Zip For A Dollar: Australians Test Indoor COVID-19 Nasal Spray

Zip For A Dollar: Australians Test Indoor COVID-19 Nasal Spray
Zip For A Dollar: Australians Test Indoor COVID-19 Nasal Spray

Video: Zip For A Dollar: Australians Test Indoor COVID-19 Nasal Spray

Video: In-Depth: Block COVID-19 with a nasal spray 2022, December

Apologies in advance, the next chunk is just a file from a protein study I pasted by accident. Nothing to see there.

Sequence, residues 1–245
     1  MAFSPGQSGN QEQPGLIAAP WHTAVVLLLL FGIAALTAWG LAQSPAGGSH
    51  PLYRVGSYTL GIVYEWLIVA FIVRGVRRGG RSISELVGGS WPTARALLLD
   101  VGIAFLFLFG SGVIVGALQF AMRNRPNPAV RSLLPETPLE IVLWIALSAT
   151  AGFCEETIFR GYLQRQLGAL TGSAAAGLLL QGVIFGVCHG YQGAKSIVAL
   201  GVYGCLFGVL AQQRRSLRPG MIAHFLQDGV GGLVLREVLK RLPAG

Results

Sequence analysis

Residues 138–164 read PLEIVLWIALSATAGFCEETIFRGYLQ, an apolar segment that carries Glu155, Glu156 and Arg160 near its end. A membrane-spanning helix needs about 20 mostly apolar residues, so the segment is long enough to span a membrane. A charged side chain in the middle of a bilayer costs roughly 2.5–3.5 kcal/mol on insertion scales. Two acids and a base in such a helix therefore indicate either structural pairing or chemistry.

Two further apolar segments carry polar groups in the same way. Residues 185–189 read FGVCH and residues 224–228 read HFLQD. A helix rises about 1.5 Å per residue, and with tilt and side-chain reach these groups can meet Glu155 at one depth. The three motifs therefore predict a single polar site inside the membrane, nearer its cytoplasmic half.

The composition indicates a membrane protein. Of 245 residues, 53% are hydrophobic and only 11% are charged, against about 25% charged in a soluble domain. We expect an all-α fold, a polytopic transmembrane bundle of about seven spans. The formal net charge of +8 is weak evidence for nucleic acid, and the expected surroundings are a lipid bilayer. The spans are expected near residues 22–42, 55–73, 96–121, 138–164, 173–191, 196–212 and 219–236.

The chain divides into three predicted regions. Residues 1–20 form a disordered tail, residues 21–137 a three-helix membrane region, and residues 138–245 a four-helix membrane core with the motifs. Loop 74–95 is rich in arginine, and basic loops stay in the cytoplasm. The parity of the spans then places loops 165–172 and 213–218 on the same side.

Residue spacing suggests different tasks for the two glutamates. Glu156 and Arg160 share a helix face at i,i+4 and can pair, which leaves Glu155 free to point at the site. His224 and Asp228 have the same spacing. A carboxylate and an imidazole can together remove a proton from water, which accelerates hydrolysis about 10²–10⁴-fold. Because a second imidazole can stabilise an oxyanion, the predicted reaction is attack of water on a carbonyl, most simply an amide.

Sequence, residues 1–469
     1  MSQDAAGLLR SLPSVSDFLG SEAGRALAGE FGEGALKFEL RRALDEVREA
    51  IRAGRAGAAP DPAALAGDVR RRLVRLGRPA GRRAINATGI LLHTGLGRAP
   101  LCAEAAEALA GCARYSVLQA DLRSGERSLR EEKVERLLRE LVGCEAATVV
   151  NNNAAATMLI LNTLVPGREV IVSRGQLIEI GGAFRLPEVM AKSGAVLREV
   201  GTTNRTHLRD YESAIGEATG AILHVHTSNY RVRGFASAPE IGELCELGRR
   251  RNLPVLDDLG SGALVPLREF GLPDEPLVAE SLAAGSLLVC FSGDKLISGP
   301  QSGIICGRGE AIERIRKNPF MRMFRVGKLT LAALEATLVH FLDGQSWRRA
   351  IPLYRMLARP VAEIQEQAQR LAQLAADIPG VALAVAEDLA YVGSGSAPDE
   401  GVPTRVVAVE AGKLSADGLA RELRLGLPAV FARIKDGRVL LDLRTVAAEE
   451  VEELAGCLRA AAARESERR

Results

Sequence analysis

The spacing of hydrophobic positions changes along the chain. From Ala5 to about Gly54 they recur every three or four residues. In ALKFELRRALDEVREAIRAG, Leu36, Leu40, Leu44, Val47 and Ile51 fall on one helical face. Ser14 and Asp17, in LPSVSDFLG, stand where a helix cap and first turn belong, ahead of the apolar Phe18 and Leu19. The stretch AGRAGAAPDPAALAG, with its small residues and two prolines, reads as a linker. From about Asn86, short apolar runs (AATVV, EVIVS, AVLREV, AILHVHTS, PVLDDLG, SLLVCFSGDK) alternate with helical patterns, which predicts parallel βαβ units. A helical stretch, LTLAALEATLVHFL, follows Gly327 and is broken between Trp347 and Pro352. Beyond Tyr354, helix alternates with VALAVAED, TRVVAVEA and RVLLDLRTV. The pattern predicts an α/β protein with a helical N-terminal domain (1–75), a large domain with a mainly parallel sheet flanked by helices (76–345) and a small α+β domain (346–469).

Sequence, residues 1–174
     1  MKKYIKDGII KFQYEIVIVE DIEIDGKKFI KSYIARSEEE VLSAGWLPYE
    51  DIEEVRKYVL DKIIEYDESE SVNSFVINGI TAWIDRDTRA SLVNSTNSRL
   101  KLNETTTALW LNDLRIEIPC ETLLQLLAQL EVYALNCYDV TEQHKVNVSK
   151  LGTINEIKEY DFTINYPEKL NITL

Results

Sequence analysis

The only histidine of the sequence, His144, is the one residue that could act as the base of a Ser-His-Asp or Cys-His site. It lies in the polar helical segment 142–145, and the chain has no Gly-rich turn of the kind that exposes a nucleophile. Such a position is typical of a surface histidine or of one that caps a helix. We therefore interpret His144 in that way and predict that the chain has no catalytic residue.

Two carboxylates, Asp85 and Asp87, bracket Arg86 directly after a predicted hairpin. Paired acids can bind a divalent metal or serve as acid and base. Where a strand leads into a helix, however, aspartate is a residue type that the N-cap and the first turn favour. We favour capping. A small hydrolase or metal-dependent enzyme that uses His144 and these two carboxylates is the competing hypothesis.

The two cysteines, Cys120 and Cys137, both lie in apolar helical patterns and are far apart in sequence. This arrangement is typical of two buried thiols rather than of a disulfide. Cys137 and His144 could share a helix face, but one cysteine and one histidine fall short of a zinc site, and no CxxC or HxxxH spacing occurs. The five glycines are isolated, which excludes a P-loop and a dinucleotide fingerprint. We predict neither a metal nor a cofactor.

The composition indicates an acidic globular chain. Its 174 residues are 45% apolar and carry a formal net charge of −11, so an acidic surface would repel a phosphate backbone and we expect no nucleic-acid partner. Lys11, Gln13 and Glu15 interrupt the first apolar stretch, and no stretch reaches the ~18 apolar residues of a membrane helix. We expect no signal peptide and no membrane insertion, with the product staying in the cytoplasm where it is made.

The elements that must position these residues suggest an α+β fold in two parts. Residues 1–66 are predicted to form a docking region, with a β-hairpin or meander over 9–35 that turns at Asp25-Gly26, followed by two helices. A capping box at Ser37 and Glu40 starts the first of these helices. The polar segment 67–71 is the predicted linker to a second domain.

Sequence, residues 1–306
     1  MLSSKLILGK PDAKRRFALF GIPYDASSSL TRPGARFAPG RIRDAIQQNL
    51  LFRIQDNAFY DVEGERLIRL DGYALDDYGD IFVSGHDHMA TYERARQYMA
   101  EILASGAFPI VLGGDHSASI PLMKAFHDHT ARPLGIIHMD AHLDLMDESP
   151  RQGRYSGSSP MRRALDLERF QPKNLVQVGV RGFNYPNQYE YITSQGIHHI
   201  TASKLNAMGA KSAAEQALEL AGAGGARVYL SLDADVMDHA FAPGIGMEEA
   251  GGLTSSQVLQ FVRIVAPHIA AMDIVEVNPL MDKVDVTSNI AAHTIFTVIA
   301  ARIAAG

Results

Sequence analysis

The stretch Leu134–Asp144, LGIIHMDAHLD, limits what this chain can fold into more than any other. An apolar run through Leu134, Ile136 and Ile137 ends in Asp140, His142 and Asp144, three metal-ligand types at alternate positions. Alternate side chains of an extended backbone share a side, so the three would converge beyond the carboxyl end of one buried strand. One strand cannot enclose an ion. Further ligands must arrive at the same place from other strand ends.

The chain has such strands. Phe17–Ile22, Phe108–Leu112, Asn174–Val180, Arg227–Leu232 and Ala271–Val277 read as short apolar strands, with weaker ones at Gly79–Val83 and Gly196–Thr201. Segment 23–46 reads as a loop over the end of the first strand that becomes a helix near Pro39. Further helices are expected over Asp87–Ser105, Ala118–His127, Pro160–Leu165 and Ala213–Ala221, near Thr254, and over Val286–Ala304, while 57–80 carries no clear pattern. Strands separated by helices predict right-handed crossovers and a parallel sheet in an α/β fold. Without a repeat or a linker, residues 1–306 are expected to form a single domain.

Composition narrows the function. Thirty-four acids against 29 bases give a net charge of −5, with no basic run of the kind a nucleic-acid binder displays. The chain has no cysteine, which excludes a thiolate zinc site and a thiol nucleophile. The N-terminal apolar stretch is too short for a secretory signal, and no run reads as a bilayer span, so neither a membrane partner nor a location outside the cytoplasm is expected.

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Australian virologists have begun testing a nasal spray that can be used before traveling on public transport, attending a performance or a restaurant. The research is sponsored by Stanford University. The new remedy is supposed to give the body protection from infection for several hours. As an active agent, the spray will include chicken antibodies to the SARS-CoV-2 virus. For more details, see the column of scientific observer Nikolai Grinko. Today, the largest pharmaceutical companies around the world are testing vaccines against COVID-19, periodically reporting success. But even if tomorrow they all confirm the effectiveness of their drugs and immediately launch them on the market, the epidemiological situation will not return to normal instantly. Therefore, many pharmaceutical companies have directed their research in the other direction: they are looking for a tool that can temporarily minimize the likelihood of transmission of the coronavirus. Human laboratory antibodies are expensive both in development and in production: for this, a huge number of cells have to be grown in bioreactors. It is much easier to obtain chicken antibodies; experts even call this technology unusually low-tech. Scientists inject the protein of the virus into the chicken's body, and its immune system generates a strong response. Antibodies - the so-called Y immunoglobulins - appear not only throughout the body, but even in the laid eggs to protect the offspring from possible infection. Researchers collect antibodies from the yolks and produce nasal drops from them. According to preliminary estimates, the dose of such a drug will cost no more than $ 1. A separate question is whether chicken antibodies to coronavirus will generally work in the human body as it should. The researchers say the chances of this are very high, and to be sure of this, they are testing on volunteers. The same will happen if it turns out that the drug does not stay in the nasal cavity for a long time, since the required protection time should be at least two to three hours. However, the authors of the study claim that they also have backup options: in parallel, studies of antibodies in rabbits and hamsters are being conducted. Ideally, the process should look like this: a person uses a nasal spray before being in a room with a large number of people, for example, before a movie show. For some time, his body can resist infecting at least that part of the viruses that are inhaled through the nose. After a couple of hours, the protection weakens, and the treatment can be repeated. According to scientists, such measures can, if not stop the pandemic, then at least greatly reduce the number of cases and significantly reduce the burden on hospitals. It is likely that even before the general vaccination of mankind, we will be able, albeit temporarily, to contain the spread of the virus with the help of new "low-tech" protective means. This means that we will be able to go to theaters, visit restaurants and even fly to other countries without restrictions. Although

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